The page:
Meghan Kruger is associate opinions editor for The Post.
How does one begin to dry the tears streaming down the ash-stained faces of Parisian Catholics? To be sure, Notre Dame Cathedral is a treasure for the world, for people of all nations and creeds. But it is first and foremost a Catholic church — where the sacraments have been celebrated for centuries, where the faithful labored more than a hundred years to erect a glorious monument to God. To watch this sacred space burn during Holy Week — the most solemn of the Christian liturgical year — stings all the more.
Here’s one suggestion for where Paris’s grieving faithful might turn for comfort: eastward, to Nagasaki, Japan.
Nagasaki has been the heart of Catholic Japan almost since St. Francis Xavier arrived on the island of Kyushu in 1549. By 1580, the country had an estimated 200,000 converts, many of them concentrated in the trading port that regularly welcomed their Portuguese co-religionists.
It was also Nagasaki that suffered when, in the late 16th and early 17th centuries, Japanese authorities expelled missionaries and prohibited the practice of Christianity. It was atop the city’s Nishizaka hill that 26 foreign priests and native believers were crucified as martyrs in 1597; it was in the bubbling, sulfuric volcanic springs of nearby Mount Unzen where Christians were boiled until they apostatized (or died).
And it was Nagasaki that guarded, over the following 200 years, a secret kakure, or “hidden,” Catholic community. These men and women had neither churches nor priests, celebrations nor sacraments. But they had faith. From one generation to the next, families passed down the teachings and traditions, clinging tenaciously to their religion in the midst of terrifying peril.
In 1865, after Japan had reopened itself to Westerners, it was a French missionary, Father Bernard Petitjean, who was astonished when a group of these “hidden Christians” emerged from the underground to present themselves at Oura Church near Nagasaki’s Glover Park. Petitjean and other French priests and nuns led the rebuilding of Japanese Christianity upon the foundation of the Nagasaki Catholics’ unshakable faith.
The great symbol of this rebuilding was a new Catholic cathedral in Nagasaki’s Urakami valley, where the area’s Christians were concentrated. Under the guidance of French priest Pierre-Théodore Fraineau, construction began in 1895, on the spot where, centuries earlier, Japanese authorities had forced the people to trample fumi-e — images of Christ and the Virgin Mary — as a way of ferreting out secret Christians. Brick by brick, the massive Neo-Romanesque structure took shape; 30 years later, in 1925, the belfry towers were finally completed. They housed two large Angelus bells imported from France, which rang out from the largest cathedral in Asia.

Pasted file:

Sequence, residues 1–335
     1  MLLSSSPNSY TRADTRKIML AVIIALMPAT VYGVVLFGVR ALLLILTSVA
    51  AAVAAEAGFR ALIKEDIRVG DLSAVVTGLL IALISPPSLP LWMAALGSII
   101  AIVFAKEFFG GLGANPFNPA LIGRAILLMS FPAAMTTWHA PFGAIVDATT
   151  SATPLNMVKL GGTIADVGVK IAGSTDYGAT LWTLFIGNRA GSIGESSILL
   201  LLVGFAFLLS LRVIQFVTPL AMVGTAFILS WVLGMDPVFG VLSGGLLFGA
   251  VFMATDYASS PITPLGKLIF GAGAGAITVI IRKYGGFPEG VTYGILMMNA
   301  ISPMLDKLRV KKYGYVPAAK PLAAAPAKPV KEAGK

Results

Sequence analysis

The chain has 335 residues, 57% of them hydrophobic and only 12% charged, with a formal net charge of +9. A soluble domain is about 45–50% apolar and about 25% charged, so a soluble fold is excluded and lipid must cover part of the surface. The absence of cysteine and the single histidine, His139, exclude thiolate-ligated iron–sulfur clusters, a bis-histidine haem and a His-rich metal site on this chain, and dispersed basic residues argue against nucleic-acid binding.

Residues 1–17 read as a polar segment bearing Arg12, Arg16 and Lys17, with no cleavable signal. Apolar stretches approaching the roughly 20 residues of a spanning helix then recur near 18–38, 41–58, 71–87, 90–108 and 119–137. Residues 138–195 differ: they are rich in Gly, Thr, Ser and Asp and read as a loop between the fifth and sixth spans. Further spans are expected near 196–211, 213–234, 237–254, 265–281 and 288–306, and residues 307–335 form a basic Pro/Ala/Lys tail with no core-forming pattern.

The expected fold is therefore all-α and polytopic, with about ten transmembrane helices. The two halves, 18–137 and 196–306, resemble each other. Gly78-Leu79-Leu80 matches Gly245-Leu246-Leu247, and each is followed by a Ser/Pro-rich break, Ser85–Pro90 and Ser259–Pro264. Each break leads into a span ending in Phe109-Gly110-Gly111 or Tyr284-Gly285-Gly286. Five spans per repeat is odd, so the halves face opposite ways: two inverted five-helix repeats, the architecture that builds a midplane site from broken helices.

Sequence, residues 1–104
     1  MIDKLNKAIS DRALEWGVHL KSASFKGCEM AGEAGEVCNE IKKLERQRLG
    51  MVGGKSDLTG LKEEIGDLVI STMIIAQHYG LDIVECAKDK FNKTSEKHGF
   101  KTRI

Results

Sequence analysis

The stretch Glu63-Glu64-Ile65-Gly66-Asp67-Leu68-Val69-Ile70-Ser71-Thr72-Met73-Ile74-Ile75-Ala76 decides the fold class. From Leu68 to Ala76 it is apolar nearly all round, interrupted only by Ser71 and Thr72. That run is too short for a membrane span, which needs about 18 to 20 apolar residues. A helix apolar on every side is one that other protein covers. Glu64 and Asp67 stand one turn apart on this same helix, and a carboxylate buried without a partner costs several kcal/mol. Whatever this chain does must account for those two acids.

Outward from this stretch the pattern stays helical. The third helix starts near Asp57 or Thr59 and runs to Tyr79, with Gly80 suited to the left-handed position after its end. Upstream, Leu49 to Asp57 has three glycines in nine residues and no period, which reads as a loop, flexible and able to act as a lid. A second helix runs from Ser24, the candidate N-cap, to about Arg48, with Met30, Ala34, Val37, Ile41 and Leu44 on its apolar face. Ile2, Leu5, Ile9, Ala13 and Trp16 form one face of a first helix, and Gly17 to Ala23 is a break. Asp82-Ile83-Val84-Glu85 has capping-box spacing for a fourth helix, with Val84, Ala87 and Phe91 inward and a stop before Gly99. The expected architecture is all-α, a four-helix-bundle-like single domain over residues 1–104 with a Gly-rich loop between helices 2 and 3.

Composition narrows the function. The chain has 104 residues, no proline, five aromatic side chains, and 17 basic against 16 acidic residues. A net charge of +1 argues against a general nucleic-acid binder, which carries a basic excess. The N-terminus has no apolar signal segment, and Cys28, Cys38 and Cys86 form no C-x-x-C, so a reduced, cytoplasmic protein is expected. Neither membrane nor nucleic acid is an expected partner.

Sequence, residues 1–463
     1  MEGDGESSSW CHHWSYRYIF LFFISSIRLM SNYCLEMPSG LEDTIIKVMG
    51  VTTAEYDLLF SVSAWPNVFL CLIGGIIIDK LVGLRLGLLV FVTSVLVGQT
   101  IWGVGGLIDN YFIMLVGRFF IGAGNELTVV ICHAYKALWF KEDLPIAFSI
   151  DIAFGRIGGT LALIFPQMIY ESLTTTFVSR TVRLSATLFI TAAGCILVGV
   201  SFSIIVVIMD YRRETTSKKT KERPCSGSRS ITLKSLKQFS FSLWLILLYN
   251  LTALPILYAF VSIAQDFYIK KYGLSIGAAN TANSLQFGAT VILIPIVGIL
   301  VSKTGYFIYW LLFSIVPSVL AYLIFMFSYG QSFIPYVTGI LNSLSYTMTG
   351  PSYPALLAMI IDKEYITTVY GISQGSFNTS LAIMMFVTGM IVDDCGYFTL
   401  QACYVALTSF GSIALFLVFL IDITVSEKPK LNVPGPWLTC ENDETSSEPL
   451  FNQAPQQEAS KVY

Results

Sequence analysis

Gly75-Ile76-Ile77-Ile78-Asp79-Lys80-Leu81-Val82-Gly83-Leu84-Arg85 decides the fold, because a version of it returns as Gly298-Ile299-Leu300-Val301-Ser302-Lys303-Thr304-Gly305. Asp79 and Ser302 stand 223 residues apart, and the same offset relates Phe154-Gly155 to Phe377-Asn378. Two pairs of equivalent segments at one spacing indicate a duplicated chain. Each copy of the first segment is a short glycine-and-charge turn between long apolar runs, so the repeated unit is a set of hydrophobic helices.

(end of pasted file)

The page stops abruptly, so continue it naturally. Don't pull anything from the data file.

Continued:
Twenty years later, on Aug. 9, 1945, the church was full of Japanese Catholics attending Mass in preparation for the Feast of the Assumption. At 11:02 a.m., only hundreds of feet away, the plutonium core of a U.S. atomic bomb known as “Fat Man” exploded. In an instant, it laid waste to Nagasaki; the cathedral was flattened, killing everyone inside. The pride of Japan’s Christians, the monument to their triumph over centuries of persecution, was a smoldering pile of rubble, swallowed by the surrounding post-atomic hellscape and tens of thousands of the dead.
One of the bomb’s survivors was a Japanese radiologist and Catholic convert named Takashi Nagai. As Nagai recounted in his memoir, he had been working at the Nagasaki Medical College Hospital at the time of the bombing. Bleeding from a head wound, he escaped the burning wreckage of the hospital and made a harrowing journey across the unrecognizable landscape. Inside the ruins of his house, he found the carbonized remains of his wife, alongside the melted rosary she had been praying when she died. Nagai had been diagnosed with leukemia earlier that year; his wife’s death meant their two young children would soon be orphans.
Tragedy that drops from the sky — in some cases literally — raises the inevitable question: Why? To Nagai, the improbable sequence of events that led Bock’s Car to drop its payload over Urakami — far from its original target — reflected the hand of God. At a requiem mass for the dead on Nov. 23, 1945, Nagai argued that the sacrifice of Nagasaki brought the war to an end and spared the suffering of millions. Instead of rage, instead of despair, the appropriate response to seemingly inexplicable horror was to forgive — and to commit to a path of redemption. “In the very depth of our grief,” he said to those assembled amid the cathedral’s remnants, “we reverently saw here something beautiful, something pure, something sublime.”
There was indeed something beautiful in store for Nagasaki’s cathedral. Digging into the debris, the faithful made a miraculous discovery: One of the French bells had survived. On Christmas Eve 1945, Nagai and other believers hung the bell from a tripod of cypress logs and rang the Angelus. As Father Paul Glynn writes in “A Song for Nagasaki,” the absence of any tall buildings made the song “all the clearer.”
Reconstruction of the cathedral began in 1959 and, in 1980, it was remodeled to match its original appearance. The scars are there — statues of saints broken and burned, chalices and monstrances melted and twisted. A stained glass panel in the new church depicts the ruination of the old. The famous “Madonna of Nagasaki” — a blackened and irradiated statue of the Virgin Mary — watches over the chapel.
A century and a half ago, France gave Nagasaki’s Catholics the structures of their resurgent faith. Today, Nagasaki can give France’s Catholics guiding inspiration. What do you do when your world goes up in flames, and the places you seek God are reduced to a smoldering ruin? Look for glimmers of grace where they can be found — and nurture hope for what remains.